South Africa can expect an SABC 2.0 built by new funding

Unprecedented market conditions and evolution in technologies are responsible for the current precarious position of the South African Broadcasting Corporation (SABC), says communications minister Stella Ndabeni-Abrahams.

Responding in a National Assembly plenary on Tuesday (1 December), Ndabeni-Abrahams said that the national broadcaster was also impacted by state capture.

“A large proportion of the problems are market-related and require (government) to remodel the SABC as the public broadcaster in a multi-channel and digital environment. (We need) to rebuild the public broadcaster we want.”

Ndabeni-Abrahams said that the national broadcaster’s problems are not unique, with broadcasters in Europe and other parts of the world dealing with similar issues.

The minister said by far the largest issue for the SABC is finding an appropriate funding model, with the current mix of advertising, government grants and TV licence fees not able to sustain current content demands.

She said this has been exacerbated by decreased government spending, a challenging Covid-19 environment and increased role players in the sector.

“Consistent with ongoing international trends, the issue of designing an appropriate funding model is critical.” She said that it is ANC policy that the broadcaster be predominantly funded by private means.

Government allocated R3.2 billion to the SABC in 2019/20, which it received in two tranches – R2.1 billion in October 2019, and R1.1 billion in March 2020.

The Department of Communications and Digital Technologies also recently highlighted plans to extend the payment of TV licence fees to include streaming services.

The proposal is contained in the department’s white paper on Audio and Audio-visual Content Services policy framework, which is currently open for public comment.

In terms of the Broadcasting Act, the public is required to pay a TV license fee for viewing “broadcasting services” which includes subscription services like DSTV. The purchase of a TV, regardless of whether one watches the SABC on it or not requires the payment of a license fee for any ‘broadcasting services’.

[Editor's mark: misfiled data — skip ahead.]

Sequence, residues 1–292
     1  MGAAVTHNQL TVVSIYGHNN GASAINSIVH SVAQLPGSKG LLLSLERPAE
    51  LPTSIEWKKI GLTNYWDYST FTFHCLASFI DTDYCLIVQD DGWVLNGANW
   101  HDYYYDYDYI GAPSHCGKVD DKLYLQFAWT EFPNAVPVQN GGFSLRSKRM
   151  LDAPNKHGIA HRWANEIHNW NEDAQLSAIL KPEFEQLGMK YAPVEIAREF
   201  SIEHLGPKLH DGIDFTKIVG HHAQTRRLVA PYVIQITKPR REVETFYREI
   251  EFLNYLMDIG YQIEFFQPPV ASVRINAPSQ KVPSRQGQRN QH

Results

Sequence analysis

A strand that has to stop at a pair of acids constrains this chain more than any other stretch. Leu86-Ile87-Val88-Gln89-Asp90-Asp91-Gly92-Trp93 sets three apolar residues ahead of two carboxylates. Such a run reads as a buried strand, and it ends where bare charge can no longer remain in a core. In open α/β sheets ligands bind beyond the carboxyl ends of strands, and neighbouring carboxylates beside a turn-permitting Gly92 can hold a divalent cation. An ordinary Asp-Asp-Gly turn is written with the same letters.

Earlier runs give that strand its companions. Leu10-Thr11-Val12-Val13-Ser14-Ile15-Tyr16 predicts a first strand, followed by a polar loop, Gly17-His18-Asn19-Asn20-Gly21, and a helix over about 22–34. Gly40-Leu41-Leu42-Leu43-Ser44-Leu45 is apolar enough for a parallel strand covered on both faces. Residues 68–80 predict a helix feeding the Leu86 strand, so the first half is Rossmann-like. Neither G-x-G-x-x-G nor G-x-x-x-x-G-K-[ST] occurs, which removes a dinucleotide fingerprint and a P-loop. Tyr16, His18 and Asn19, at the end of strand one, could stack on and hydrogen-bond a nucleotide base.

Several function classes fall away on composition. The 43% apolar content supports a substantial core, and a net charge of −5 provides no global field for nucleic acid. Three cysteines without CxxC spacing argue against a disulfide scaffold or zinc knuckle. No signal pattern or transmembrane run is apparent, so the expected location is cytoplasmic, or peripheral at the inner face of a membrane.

In the “traditional” sense, a “broadcasting service” is limited to content viewed on a TV set.

Given the emergence of streaming services like Netflix, Apple +, Showmax, Amazon Prime and others, the White Paper broadens definition of a broadcasting service to include online broadcasting services.

By implication, that would require the payment of a license fee for the viewing any “broadcasting services” which would include a streaming services, regardless of the device on which it is viewed.

Court victory over jobs

The Labour Court of South Africa has dismissed the application by the Broadcasting, Electronic, Media and Allied Workers Union (BEMAWU) to declare the SABC’s retrenchment process as invalid.

The SABC plans to retrench up to 400 employees – a figure which it said must be cut in order for the company to improve its dire financial situation.

BEMAWU had applied to the court to declare the ongoing Section 189 process at the state broadcaster invalid, and it also called for the withdrawal of redundancy letters sent to SABC employees.

“The South African Broadcasting Corporation (SABC) is pleased with today’s judgement by the Labour Court of South Africa, in the matter pertaining to BEMAWU and the SABC,” the SABC said in a statement.

“The Labour Court dismissed, with costs, BEMAWU’s application to declare the Section 189 consultation process as irregular and invalid as well the withdrawal of the redundancy letters.”

The public broadcaster said this decision validated its retrenchment process and proved that the Section 189 process had been procedurally fair and afforded all stakeholders ample opportunity to engage meaningfully.

“The SABC conducted 16 consultative sessions over 4 months with multiple stakeholders, 7 of those were facilitated by independent CCMA commissioners,” it said.

“The SABC used these sessions as a platform to meaningfully engage in a joint consensus-seeking process. The SABC is committed to a fair and transparent process.”


Read: Government moves to introduce rules around Netflix and other services in South Africa

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South Africa can expect an SABC 2.0 built by new funding